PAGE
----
It seems everyone has a bone to pick with Facebook CEO Mark Zuckerberg these days. So, when a delegation of prominent civil rights leaders met with Zuckerberg at his house in Palo Alto, California, earlier this week to discuss how racist and anti-Muslim posts on Facebook put people in danger, they brought with them plenty of proof. Farhana Khera, a civil rights lawyer and director of Muslim Advocates, showed Zuckerberg a number of viral Facebook posts that incite violence against Muslims on and offline.
One bloody meme shows the corpse of a Middle Eastern soldier and declares that the “only good Muslim is a fucking dead one.” In another, a member of a local school board in New Jersey named Dan Leonard reposted a news story about Rep. Rashida Tlaib and wrote that his “life would be complete if she/they died.” Leonard calls Rep. Ilhan Omar a “terrorist” in another post. Leonard reportedly refused to step down from the school board amid a firestorm of controversy but is not seeking reelection. Tlaib and Omar are among the most high-profile women of color in Congress and have faced racist attacks by President Donald Trump, and death threats from some of his followers.
“From our perspective, we have seen this issue play out not just at the highest level of the president, but it’s just as prevalent as the local level,” Khera told Truthout in an interview after meeting with Zuckerberg. “There is a problem throughout with these elected officials.”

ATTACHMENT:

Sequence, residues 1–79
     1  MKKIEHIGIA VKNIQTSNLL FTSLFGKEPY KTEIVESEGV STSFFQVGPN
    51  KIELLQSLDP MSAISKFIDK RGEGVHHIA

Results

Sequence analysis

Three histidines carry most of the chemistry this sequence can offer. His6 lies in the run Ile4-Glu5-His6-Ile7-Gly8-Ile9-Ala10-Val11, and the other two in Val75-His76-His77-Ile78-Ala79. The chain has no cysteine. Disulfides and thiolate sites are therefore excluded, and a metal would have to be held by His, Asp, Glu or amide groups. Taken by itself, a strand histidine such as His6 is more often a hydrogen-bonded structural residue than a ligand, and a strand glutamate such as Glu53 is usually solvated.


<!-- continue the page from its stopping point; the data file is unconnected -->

Facebook is facing criticism from all corners for allowing hate speech and political disinformation to flourish on its social media site, where 43 percent of consumers get at least some of their news and where Russian trolls famously sought to sow discord and sway the 2016 elections. A recent study by the online activist network Avaaz found that the top 100 political “fake” news stories debunked by fact checkers were posted 2.3 million times on Facebook and attracted nearly 160 million views – enough disinformation to reach each of the 153 million registered voters in the 2019 elections. Hate speech is prohibited on Facebook, but Khera and other civil rights leaders say it continues to spread, inciting violence at home and across the world.
“There are a lot of bad actors who are looking to abuse your platform not just to denigrate people and demonize people, but also to stoke attacks of violence and even the mass murder of people based on their religions and other protected statuses,” Khera said she told Zuckerberg.
But what if those bad actors are also politicians who shape public discourse? In an era when white nationalist violence is rising and the president of the United States spews racist demagoguery along with thousands of lies, the debate over “free speech” on Facebook presents a highly partisan and financial conundrum for a company that raises revenue by tracking user data and selling targeted ads. After all, Trump is spending millions of dollars on Facebook ads in his bid for reelection and has already run at least one ad that is demonstrably false.
Echoing alt-right myths spread by conspiracy theorists, Trump and right-wing commentators have accused social media outlets of bias against conservatives and pressured Zuckerberg to meet with them in person. Political disinformation appears in all sorts of ideological flavors, but Trump as well as the right-wing “news” outlets that back him are notorious for spreading falsehoods and trafficking in conspiracy theories that attract attention on the far right. Of the debunked “news” stories analyzed by Avaaz, 69 percent were biased toward the right. Both independent analysists and Facebook employees have concluded that the algorithms, data tracking and targeted advertising used by Facebook and platforms such as YouTube drive certain users toward more politically extreme content to the benefit of white supremacists and demagogues.